Tokusetsu Eisei and Kohei


Above we have a variety of not so great photographs of the four models in the JSA support pack. They have all turn out alright, the images aren’t particularly flattering. I used a lot more Bloody Red and Electric Blue on them than I usually do, simply because of the backpacks and bags etc. Pretty stock standard JSA stuff otherwise: German Grey base on the paints over which I paint German Field Grey, Dead White Armour, German Grey guns.

Over the weekend I hope to tackle a blister or two and start on the Dog Warriors. I might also contemplate rebasing my painted Aragoto Senkenbutai. Maybe.

The Very Late First Update of the Year

So January is almost over. That’s a thing. I’ve been busy with work, getting a Dungeons & Dragons 5th edition campaign together and playing the video games. I have done some hobby things and done even more thinking about hobby things to plan what I want to get done over the next few months. So today we have a couple more Ariadna models that I painted back in the first week of January and some model trees.

The Miniatures

First up we have a line kazak with AP HMG.


All very stock standard, nothing special here. My usual colour scheme, he has a big gun, it shoots bullet at enemy man, etc. The model itself isn’t bad, I’m not sure how I feel about having two Ariadna AP HMG models doing the “fist in the air urah!” pose. The line kazak model does come with two arm options though, so I only have myself to blame. I can’t remember how the other arm can be positioned, I think it is reaching over to the weapon and I wasn’t that thrilled with it, so I decided to stick with the fist in the air.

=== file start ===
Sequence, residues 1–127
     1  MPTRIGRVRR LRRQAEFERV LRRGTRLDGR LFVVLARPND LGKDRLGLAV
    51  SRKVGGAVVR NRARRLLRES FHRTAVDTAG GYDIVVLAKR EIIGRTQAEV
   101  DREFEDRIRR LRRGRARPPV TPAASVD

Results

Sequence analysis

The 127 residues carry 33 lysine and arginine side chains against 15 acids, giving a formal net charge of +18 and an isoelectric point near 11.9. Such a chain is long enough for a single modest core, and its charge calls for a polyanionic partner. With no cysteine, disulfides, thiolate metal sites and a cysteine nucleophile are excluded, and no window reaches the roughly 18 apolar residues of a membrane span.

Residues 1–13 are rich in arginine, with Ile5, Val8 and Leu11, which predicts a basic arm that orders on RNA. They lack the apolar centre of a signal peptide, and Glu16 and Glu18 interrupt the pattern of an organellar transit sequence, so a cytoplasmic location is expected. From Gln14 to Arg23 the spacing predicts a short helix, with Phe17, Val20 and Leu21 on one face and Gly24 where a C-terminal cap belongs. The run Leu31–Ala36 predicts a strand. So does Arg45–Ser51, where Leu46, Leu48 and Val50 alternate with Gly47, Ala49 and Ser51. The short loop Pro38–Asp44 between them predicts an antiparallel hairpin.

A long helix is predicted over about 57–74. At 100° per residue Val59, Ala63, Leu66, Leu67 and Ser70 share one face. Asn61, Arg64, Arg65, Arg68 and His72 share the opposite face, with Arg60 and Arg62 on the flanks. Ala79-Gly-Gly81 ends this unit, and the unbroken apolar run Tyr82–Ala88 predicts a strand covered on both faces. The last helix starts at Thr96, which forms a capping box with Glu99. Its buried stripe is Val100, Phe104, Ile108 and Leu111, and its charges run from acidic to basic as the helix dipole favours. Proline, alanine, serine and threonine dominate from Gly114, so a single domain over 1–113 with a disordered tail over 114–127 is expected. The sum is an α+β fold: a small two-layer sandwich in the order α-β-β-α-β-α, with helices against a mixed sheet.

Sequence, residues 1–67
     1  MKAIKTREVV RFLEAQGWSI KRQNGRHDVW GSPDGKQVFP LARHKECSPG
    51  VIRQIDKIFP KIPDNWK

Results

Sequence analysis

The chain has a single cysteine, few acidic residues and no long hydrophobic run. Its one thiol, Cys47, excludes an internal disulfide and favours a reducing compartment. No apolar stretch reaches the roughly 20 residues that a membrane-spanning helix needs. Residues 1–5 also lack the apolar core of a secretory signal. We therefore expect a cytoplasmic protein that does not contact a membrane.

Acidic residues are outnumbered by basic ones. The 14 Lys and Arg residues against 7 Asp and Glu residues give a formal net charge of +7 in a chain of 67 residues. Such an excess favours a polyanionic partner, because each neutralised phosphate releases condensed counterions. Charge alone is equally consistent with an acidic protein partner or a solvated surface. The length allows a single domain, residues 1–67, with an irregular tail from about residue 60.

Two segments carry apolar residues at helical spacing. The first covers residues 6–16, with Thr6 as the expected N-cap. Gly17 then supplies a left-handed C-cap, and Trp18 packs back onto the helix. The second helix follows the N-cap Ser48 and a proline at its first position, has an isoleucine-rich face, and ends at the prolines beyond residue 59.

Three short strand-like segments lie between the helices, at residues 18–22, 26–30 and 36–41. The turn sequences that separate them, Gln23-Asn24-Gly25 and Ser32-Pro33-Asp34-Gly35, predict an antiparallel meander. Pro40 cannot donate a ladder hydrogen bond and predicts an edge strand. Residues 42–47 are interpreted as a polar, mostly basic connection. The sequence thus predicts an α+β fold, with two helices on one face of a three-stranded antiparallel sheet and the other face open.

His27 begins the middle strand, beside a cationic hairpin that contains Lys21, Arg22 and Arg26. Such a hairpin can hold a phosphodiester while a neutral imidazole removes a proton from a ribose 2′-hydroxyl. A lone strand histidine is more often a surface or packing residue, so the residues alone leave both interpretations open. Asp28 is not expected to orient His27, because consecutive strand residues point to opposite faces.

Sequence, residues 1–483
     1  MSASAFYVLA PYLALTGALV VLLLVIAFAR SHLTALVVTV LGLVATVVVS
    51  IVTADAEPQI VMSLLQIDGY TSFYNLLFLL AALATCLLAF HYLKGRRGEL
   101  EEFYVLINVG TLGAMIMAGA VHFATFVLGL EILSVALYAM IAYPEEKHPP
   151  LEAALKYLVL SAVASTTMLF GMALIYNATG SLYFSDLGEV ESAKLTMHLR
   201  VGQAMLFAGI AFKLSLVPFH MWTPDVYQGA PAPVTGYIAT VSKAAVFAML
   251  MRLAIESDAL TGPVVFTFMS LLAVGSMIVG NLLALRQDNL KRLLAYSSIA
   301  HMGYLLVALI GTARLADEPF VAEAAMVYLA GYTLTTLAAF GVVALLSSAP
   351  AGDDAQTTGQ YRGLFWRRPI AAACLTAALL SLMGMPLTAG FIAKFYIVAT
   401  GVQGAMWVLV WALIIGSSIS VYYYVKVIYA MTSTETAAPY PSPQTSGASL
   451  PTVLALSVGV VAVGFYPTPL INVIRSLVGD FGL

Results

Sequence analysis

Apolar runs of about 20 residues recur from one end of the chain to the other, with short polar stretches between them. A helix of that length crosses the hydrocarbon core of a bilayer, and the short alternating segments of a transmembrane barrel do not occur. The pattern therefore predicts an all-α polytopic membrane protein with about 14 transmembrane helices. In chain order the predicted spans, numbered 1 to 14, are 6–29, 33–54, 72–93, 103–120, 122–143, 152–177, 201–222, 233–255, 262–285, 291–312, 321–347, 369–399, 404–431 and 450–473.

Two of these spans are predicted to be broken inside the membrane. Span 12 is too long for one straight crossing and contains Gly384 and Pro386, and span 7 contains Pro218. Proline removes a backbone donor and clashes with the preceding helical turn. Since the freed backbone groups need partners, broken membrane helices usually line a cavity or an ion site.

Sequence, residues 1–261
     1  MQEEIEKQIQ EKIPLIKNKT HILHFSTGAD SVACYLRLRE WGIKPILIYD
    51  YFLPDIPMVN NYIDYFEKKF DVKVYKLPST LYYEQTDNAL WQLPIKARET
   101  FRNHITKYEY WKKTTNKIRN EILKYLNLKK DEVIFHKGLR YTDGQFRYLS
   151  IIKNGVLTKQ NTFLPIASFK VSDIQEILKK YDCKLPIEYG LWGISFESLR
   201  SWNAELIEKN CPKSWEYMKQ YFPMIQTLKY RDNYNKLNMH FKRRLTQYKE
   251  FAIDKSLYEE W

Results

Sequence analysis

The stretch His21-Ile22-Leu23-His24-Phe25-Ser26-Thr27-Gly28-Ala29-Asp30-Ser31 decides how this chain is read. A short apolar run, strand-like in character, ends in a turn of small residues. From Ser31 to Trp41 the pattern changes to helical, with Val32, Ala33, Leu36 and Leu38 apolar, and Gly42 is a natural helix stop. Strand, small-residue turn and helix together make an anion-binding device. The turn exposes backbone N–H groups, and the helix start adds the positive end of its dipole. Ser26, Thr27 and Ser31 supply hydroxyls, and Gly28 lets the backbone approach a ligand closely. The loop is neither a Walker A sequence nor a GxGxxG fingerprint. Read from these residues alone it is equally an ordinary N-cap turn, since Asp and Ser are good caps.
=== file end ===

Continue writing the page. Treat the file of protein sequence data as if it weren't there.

Next up we have a dozer company engineer with traktor MUL device.


Again, standard colour scheme, although his shirt is plain white only, with camo on the jacket he is wearing. I figured it was pointless to camo the shirt on the grounds that hardly any of it are actually showing. Everything came up pretty nicely on this guy, I was a bit iffy about how he would turn out with my colour scheme. It always works out quite well though, so I’m happy. When I get my taktor MULs together I will be able to use them right away too, which will be Fun.


One thing you may notice about this model, however, is that from the side he appears to be leaning backwards. From memory (it was a few weeks ago now I put him together and painted him) I did look to correct this, bending him forward a bit. Thing was if you do that, the way his head and upper torso are, he ends up looking like he is leaning forward. It’s a bit odd. At least that’s my experience. He looks normal from the front and back, just the side that it’s a bit askew. He’s done now though and I’m still pleased.

Getting Mad Wood

The other thing I’ve done since the start of the year is finally sort out finishing off some trees I was making. There are a variety of shots below showing off a range of different miniatures that you might be using these trees with. Just be warned that the first one is focused on the foliage, not the miniatures, so it is a bit blurry. I highly recommend enlarging the image with the owlbear in it, that’s my favourite.


Ever since reading an article on Beasts of War about making trees for the tabletop ( I wanted to give it a crack. Especially because I have plenty of trees suitable for Flames of War, but nothing really suitable for 28mm games (sure you can use the small trees, but it just doesn’t look right).